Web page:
USENIX Statement on Racism and Black, African-American, and African Diaspora Inclusion

 

We at USENIX assert that Black lives matter. We stand with the Black community, including all those who are Black, African American, or members of the larger African Diaspora. We categorically reject racism, hate, violence, and inequity and have a responsibility to work towards ending the institutional racism that allows these intolerable things to thrive. We are committed to a nondiscriminatory approach in our mission to support the advanced computing systems communities and do not tolerate harassment of our event participants in any form


We also acknowledge that this is not enough and we must do more


Like the computing industry it supports, USENIX has historically been a predominately white organization, and our efforts to increase general diversity amongst underrepresented minorities have been unsuccessful in combating systemic racism and increasing the specific representation of Black technologists within our community. We recognize that we must change our approach and explicitly tailor inclusion efforts to Black engineers and researchers in order to move the needle. 


Going forward, the USENIX Association will commit to:

  • Increasing representation and inclusion of Black people at our conferences by taking steps including but not limited to:

    • Ensuring that every conference has Black representatives on the list of program committee candidates

    • Having a USENIX Campus Representative at each Historically Black College and University with a Computer Science program and performing tailored outreach for our academic conferences

    • Ensuring that every conference invites Black speakers/authors to present

    • Providing conference grants specifically for Black attendees

    • Developing guidelines for conference organizers on how to increase inclusion of Black attendees at our events

  • Increasing representation of Black authors in our written publications by actively soliciting specific authors from the Black computing community

  • Modifying our conference and magazine submission guidelines to eliminate discriminatory language such as master/slave, blackhat/whitehat, blacklist/whitelist from our events and publications

  • Increasing Black representation amongst the USENIX staff by posting new staff roles in areas serving Black communities

  • Ensuring that every USENIX Board Nominating Committee actively seeks Black candidates for the slate of nominations

  • Using USENIX’s academic and industry conference networks to promote computing technology events and opportunities organized by and for Black people

  • Providing quarterly updates to the community about the efficacy of these efforts, because promises without accountability are empty gestures

In addition to these internal actions, USENIX also calls on the entire computing field, both academic and industry, to join us and:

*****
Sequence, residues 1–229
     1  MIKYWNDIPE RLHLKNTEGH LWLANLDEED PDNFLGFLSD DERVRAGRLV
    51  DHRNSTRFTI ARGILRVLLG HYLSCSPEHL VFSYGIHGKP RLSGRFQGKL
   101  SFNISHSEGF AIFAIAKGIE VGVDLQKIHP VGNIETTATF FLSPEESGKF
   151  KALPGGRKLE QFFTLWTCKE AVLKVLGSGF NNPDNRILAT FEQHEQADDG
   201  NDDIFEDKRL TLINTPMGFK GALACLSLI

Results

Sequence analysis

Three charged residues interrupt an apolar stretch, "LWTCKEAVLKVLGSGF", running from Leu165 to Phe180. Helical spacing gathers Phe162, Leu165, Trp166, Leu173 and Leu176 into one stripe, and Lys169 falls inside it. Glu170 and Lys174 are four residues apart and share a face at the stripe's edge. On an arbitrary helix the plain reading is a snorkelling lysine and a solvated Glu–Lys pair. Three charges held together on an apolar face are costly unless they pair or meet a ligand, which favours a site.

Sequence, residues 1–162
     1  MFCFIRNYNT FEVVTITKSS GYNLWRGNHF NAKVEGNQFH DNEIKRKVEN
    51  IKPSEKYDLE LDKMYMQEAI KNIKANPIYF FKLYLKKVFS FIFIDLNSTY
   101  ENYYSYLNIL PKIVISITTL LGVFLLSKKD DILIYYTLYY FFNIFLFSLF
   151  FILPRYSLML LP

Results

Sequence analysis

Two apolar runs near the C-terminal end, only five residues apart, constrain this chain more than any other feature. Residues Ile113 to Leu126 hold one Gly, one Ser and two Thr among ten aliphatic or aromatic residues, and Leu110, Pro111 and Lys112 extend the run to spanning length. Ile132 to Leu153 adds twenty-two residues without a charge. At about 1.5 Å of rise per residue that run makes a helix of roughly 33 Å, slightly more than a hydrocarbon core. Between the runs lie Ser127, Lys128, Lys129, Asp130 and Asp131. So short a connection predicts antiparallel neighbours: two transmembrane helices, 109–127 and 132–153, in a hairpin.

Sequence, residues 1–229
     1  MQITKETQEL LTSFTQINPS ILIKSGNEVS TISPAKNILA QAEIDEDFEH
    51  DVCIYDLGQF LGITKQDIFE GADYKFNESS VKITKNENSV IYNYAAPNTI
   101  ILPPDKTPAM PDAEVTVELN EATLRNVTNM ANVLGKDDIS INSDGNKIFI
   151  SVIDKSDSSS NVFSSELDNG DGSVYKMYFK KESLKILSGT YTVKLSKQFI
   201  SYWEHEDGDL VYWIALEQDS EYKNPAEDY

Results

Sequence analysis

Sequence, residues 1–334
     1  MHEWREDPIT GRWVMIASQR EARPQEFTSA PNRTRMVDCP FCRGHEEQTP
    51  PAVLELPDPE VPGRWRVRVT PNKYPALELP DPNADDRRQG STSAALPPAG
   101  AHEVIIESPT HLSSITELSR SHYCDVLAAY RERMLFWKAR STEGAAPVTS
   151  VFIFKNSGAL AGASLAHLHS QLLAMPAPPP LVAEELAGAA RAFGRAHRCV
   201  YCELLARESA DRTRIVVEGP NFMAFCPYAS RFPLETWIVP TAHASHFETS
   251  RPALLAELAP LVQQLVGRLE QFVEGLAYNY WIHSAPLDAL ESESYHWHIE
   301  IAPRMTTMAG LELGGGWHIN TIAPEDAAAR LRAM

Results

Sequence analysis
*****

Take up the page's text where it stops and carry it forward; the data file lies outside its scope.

• Increase Black representation and inclusion at your organization, especially in leadership

  • Remove implicit racial bias in your HR processes

  • Remove racist language from your products

  • Eliminate the many negative impacts to the Black community caused by the products and systems created by the entire computing field, both academic and industry

 

We recognize that eliminating systemic racism is difficult, we do not have all the answers, and we will make mistakes as we learn and grow. We commit to actively listening and improving our efforts over time, and the Committee welcomes any additional suggestions at Black-inclusion@usenix.org.


Black lives matter.


Signed by the USENIX Committee for Black, African-American, and African Diaspora Inclusion on behalf of the USENIX Board of Directors and staff:

Kurt Andersen, USENIX Board Member at Large

Theophilus A. Benson, Brown University

Casey Henderson, USENIX Executive Director

Tadayoshi Kohno, University of Washington

James Mickens, Harvard University

Brian Noble, University of Michigan, USENIX Board President Emeritus

Laura Nolan, USENIX Board Member at Large Elect

Tameika Reed, Women In Linux

Amy Rich, USENIX Board President Elect

Carolyn Rowland, USENIX Board President
Hakim Weatherspoon, Cornell University, USENIX Board Vice President


Signed by USENIX members:
Clement T Cole
Margo Seltzer
Cat Allman, Google
Derek Balling
Rudi Van Drunen, Xlexit
Norman Wilson
Steve VanDevender
Can Acar
Ananth PackkilDurai
Angela Demke Brown
Andrew Huth
Ryan Stutsman, University of Utah
Michael Paoli
Eric Eide, University of Utah
Brian Haug
Jeff McClellan
Robert Fabian
Larry Rudolph
Susan Gray
Aaron Sterr
Matt Smiley
Shinsuke Miwa
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